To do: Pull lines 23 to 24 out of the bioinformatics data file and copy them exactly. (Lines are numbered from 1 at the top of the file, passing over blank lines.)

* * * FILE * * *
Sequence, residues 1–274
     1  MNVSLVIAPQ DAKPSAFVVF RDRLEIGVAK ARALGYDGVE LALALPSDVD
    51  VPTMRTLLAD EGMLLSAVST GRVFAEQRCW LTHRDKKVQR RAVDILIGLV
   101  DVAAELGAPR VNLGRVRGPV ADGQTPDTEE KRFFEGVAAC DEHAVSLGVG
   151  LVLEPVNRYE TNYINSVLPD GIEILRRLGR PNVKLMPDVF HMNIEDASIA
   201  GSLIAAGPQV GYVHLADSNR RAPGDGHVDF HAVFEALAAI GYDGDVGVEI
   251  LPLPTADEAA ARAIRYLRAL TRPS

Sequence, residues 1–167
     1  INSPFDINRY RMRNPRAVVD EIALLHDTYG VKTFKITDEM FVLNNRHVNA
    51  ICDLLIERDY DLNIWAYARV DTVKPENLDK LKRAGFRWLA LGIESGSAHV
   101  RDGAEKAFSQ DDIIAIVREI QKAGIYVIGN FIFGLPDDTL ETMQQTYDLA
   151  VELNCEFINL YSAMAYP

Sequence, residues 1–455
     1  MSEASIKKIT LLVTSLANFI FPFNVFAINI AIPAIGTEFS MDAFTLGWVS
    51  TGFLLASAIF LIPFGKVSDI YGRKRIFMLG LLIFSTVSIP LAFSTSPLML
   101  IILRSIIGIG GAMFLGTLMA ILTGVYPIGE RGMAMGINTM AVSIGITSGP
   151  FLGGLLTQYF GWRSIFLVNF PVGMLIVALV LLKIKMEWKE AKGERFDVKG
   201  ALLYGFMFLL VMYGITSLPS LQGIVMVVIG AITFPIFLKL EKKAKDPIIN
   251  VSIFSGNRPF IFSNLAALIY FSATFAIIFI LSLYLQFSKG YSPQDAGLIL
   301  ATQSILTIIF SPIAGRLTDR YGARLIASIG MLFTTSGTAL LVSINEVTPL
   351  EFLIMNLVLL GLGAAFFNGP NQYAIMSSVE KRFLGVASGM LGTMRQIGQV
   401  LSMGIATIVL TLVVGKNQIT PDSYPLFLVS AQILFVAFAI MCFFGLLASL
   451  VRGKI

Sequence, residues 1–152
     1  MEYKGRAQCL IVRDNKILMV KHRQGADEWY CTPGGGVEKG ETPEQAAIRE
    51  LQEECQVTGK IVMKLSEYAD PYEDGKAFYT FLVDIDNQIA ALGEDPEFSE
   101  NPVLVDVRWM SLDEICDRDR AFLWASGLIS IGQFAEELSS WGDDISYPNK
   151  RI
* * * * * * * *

   451  VRGKI

Sequence, residues 1–152